Reservoir Dogs is now a classic of independent cinema, and it’s hard to believe that its first screening was a big disaster. Here’s what happened.
Quentin Tarantino’s Reserve Dogs has become a cult movie and a classic of independent cinema, but its first screening was a total disaster. Quentin Tarantino is one of the most popular and respected filmmakers in the industry, though also one of the most controversial, as his movies have not only stood out for his mastery in writing dialogues but also for including big amounts of violence and blood, and it all began in 1992 with the crime movie Reserve Dogs.
Reserve Dogs gave the audience a taste of what Tarantino’s filmmaking style is all about, and introduced a group of thieves whose planned heist of a jewelry store goes terribly wrong – and to make it all more complicated, there’s an undercover cop among them. This peculiar team is assembled and led by crime boss Joe Cabot (Lawrence Tierney) and his son Eddie “Nice Guy” Cabot (Chris Penn), and is formed by Mr. White (Harvey Keitel), Mr. Orange (Tim Roth), Mr. Blonde (Michael Madsen), Mr. Pink (Steve Buscemi), Mr. Blue (Edward Bunker), and Mr. Brown (Tarantino). Reserve Dogs wasn’t heavily promoted during its theatrical run, so it wasn’t a box office hit, but it was a critical success even though its first screening was a complete mess.
Reserve Dogs premiered at the Sundance Film Festival in January 1992 and it became the festival’s most talked-about movie, leading to it being picked up for distribution by Miramax Films. However, that first screening didn’t go well, and while that ultimately didn’t affect the reception and legacy of Reserve Dogs, it’s not exactly a moment that Tarantino remembers fondly. Tarantino shared that disastrous experience during the Reserve Dogs 25th anniversary screening in 2017, and even joked that the one to blame for all that mess was Mr. Pink himself, Steve Buscemi.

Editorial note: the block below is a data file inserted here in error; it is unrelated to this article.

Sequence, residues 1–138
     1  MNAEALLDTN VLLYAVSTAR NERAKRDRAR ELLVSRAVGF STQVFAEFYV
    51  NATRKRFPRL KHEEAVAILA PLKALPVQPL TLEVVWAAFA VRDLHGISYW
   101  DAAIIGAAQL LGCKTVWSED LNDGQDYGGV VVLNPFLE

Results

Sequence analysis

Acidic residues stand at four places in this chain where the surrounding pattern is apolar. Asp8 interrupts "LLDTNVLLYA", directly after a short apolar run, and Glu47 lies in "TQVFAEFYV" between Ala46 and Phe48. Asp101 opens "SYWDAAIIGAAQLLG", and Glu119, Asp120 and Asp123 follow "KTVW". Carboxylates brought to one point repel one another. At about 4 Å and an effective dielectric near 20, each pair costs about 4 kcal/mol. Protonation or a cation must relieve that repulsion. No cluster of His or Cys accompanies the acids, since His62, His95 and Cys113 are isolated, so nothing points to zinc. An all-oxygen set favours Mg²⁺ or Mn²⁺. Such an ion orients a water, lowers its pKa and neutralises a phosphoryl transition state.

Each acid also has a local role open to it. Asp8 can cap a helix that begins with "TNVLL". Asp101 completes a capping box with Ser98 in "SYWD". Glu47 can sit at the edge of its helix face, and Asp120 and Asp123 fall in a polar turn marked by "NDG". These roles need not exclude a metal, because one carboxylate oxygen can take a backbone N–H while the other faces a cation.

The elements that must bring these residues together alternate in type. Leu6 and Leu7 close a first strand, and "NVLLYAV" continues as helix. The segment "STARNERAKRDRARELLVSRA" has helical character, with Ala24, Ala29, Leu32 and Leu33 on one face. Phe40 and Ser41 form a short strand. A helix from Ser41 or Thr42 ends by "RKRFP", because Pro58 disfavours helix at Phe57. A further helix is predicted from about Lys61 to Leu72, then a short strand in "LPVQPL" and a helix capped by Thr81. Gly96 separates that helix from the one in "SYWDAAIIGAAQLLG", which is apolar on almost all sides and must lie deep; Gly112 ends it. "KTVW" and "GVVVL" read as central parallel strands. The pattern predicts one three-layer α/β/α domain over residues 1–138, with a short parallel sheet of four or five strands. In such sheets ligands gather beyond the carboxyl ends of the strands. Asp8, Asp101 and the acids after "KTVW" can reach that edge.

Tarantino shared details about Reserve Dogs‘ first screening at the Sundance Film Festival back in 1992 and explained that it was a disaster because basically everything that could have gone wrong went wrong. Tarantino explained that they didn’t have a scope lens for the projector and Reserve Dogs is a scope movie, but as he didn’t know that you can’t really show a scope movie without the lens, he let them do it, and it looked terrible. Later on, when Reserve Dogs gets to its climactic scene towards the end (where everyone is yelling at each other), the lights suddenly came up, and then someone realized what happened and brought them down, but by then, the characters were already in the middle of a Mexican stand -off. If that wasn’t terrible enough, right at that moment of suspense, there was a power outage.
Steve Buscemi added to the story of Reserve Dogs‘Disastrous first screening by revealing he attended the screening even though Tarantino warned him not to, as it’s bad luck for an actor to attend a movie’s first screening, and so Tarantino joked that Buscemi was to blame for all the things that went wrong at Reserve Dogs‘ debut at Sundance. lucky, Reserve Dogs had a second screening a week later at Sundance, held for the Creative Artists Agency, and there were no more tragedies during that one. Reserve Dogs went on to become one of the best independent movies of all time and one of Quentin Tarantino’s best works, and no one could even imagine that its first screening was a big mess.
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